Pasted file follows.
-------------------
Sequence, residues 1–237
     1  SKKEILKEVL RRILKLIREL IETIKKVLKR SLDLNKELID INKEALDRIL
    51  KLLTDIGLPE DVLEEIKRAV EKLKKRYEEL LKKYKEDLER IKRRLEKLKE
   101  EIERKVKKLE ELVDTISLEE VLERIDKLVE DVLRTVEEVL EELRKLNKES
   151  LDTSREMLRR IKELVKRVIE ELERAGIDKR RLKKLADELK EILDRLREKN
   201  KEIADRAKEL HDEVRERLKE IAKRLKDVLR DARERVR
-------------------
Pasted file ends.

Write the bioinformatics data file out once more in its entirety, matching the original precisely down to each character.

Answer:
Sequence, residues 1–237
     1  SKKEILKEVL RRILKLIREL IETIKKVLKR SLDLNKELID INKEALDRIL
    51  KLLTDIGLPE DVLEEIKRAV EKLKKRYEEL LKKYKEDLER IKRRLEKLKE
   101  EIERKVKKLE ELVDTISLEE VLERIDKLVE DVLRTVEEVL EELRKLNKES
   151  LDTSREMLRR IKELVKRVIE ELERAGIDKR RLKKLADELK EILDRLREKN
   201  KEIADRAKEL HDEVRERLKE IAKRLKDVLR DARERVR